Gifts of organic (or mostly) personal care

It's not too late; far from it! Hanukkah has 8 days and Christmas 12. So let’s say you’ve committed to buying eco-friendly products and are zeroing in on a body/beauty care gift basket for a special someone. Sounds great, except that just because a beauty product’s label says organic, doesn’t mean you are good to go. To cut the organic confusion, look for USDA organic seal.  While the U.S. Food and Drug Administration (FDA), which regulates cosmetic labeling, does not regulate organic claims in personal care products, the USDA National Organic Program now covers cosmetics that contain agricultural  products, applying the same standards as it does to food. Thus, a product can only claim to be "organic" if it has at least 95% certified organic ingredients, and can say "made with organic" if it has at least 70% of the same.

Craig Minowa, environmental scientist  with the Organic Consumers Association ,says, “The USDA Organic Certification is the most stringent personal care certification in the world and if a company can achieve that, they’ve achieved gold standard.”  Minowa goes on to say that you don’t see the USDA seal, flip it over and look at the back.  “Non-pronounceable ingredients that end in eth have undergone ethoxylation, a process that creates a carcinogenic byproduct,1.4-dioxane.” 

Earlier this fall, the Organic Consumers Association hired a third party lab to buy “eco-friendly” beauty products and test them for 1.4 Dioxane.  Their findings were astounding: Products from green companies like Avalon Organics, Jason Pure, Natural & Organic, Nature's Gate Organics, KissM y Face Obsessively Organic, Giovanni Organic Cosmetics, Head Organics, Desert Essence Organics, and Stella McCartney's CARE 100% Organic all contained ethoxylated synthetic ingredients. With the OCA’s findings, Dr. Bronner’s Magic Soaps took the aforementioned companies to court to force them to drop uncertified organic label and brand claims.

Synthetic ethoxylated preservatives help extend a product's shelf life.  However, there are natural ways to get around that.  Products with coconut oil are naturally preserved thanks to the lauric acid in the coconut, which is solid at room temperature but melts easily when heated.  Packaging also plays a huge part; German company Weleda, for instance, seals products in an airtight tube to avoid using preservatives in the products.

Which brings us to another big issue for the holidays. Yes, you want an aesthetically appealing present to present, but when you are buying products because they're easier on the earth, the packaging should reflect that concept.  In brief, less is more for beauty product packaging.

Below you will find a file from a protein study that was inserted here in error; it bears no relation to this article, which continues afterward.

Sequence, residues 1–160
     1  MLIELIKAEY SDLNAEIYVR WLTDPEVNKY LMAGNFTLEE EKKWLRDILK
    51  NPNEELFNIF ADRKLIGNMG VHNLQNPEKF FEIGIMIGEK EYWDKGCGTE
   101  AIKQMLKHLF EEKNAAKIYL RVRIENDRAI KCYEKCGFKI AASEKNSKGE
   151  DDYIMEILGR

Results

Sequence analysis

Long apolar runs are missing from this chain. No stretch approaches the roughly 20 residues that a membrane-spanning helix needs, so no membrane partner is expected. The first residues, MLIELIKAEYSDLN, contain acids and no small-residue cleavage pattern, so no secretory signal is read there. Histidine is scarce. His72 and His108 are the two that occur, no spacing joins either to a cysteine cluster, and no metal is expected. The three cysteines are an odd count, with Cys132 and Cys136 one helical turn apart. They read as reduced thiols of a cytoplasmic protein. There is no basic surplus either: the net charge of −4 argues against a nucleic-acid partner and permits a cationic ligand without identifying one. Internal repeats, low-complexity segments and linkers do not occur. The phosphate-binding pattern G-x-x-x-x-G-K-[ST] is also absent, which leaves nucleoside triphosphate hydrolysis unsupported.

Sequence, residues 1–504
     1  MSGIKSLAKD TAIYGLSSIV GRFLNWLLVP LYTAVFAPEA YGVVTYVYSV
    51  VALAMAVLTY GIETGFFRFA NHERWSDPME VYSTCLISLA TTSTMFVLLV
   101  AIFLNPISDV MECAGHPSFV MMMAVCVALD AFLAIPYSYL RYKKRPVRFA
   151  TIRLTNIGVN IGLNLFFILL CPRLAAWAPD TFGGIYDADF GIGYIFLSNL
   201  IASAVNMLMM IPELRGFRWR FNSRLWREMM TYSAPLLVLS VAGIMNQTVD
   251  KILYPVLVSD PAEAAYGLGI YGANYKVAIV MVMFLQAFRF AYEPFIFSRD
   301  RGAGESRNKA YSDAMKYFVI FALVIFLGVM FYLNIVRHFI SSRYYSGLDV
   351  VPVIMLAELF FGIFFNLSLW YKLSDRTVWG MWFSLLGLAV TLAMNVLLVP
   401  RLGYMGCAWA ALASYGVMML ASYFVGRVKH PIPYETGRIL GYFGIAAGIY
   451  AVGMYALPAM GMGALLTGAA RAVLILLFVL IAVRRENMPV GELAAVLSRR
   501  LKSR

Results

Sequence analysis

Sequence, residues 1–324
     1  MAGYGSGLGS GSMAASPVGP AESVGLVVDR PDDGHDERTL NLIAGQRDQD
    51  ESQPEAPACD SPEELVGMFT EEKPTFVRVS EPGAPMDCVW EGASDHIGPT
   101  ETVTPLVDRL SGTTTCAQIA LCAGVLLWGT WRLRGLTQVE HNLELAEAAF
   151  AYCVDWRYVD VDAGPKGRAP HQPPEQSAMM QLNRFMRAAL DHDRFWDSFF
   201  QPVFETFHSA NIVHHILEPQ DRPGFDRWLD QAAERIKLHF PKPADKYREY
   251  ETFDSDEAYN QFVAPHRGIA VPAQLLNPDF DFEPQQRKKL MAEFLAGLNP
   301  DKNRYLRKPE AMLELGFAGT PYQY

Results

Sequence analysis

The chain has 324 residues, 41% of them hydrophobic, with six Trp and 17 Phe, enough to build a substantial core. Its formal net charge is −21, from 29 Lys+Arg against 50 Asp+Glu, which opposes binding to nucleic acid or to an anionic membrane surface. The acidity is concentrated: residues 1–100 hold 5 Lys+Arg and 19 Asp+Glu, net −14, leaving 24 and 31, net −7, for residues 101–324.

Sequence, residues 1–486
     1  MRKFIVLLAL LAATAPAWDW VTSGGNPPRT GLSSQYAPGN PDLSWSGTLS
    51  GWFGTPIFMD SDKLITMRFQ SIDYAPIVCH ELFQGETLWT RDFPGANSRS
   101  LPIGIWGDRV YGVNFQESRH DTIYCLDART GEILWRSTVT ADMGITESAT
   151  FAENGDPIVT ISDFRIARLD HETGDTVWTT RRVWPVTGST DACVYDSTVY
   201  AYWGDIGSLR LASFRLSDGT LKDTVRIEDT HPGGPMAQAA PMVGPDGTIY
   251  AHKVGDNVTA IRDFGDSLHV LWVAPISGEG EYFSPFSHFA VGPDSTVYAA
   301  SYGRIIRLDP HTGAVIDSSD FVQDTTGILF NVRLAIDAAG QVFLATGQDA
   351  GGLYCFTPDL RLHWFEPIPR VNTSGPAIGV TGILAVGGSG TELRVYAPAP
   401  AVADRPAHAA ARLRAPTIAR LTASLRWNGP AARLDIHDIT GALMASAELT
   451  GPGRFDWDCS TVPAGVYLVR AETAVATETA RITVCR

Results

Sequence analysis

Here are six safe, sassy, gifts we're loving for the holidays:

Juice Beauty Hydrating Mist and Lip Moisturizer Kit
Hydrate thy face and lips, dear friend, and forget thee not to rock the Keen bag.

Dr. Bronner's liquid castile and bar soaps and body balms in compact tins are now 100% certified organic, leaping bunny (no animal testing) and fair trade in their entirety; paper and plastic packaging is largely post-consumer-recycled. Beyond peppermint, they've new rose oil, orange and "naked" unscented varieties.

Farmaesthetics High Cotton Body Dust
Works like talcum powder (sans chemicals) and leaves skin soft and fragrant
. We spoke with Michelle Bundy, Executive coordinator at Farmaesthetics based in Rhode Island.  While the product is not certified organic, it's pretty pure: They do not use any synthetic ingredients in any of their products.  The body dust (which works like talcum powder) is made entirely of arrowroot, cornstarch, clay, sage, thyme, and certified organic lavender & sea salt.

Origins Skin Care Starter Kit
With Origins’ face tonic, foaming wash, and moisturizer, your skin will glow like a subtler but no less radiant Rudolph’s Nose.

Skin Essentials - Energizing by Living Nature
Replenish moisture at home and away with this travel-sized 3-step skincare ritual.

We've become addicted to Organic Essence's 100% USDA certified organic and fairly traded shea butter creams in grapefruit, lavender, lemongrass and pure shea butter (which in all fairness is a little hard and waxy, and doesn't glide on the way the others do, but that's because it's pure and has to be heated up in your hands a bit). The cute cardboard packages, which look like individual seving ice cream cartons, are biodegradable and the labels are FSC-certified paper from well-managed forests.

Wishing you sensual, essentially organic, holidays!

by Margaret Teich

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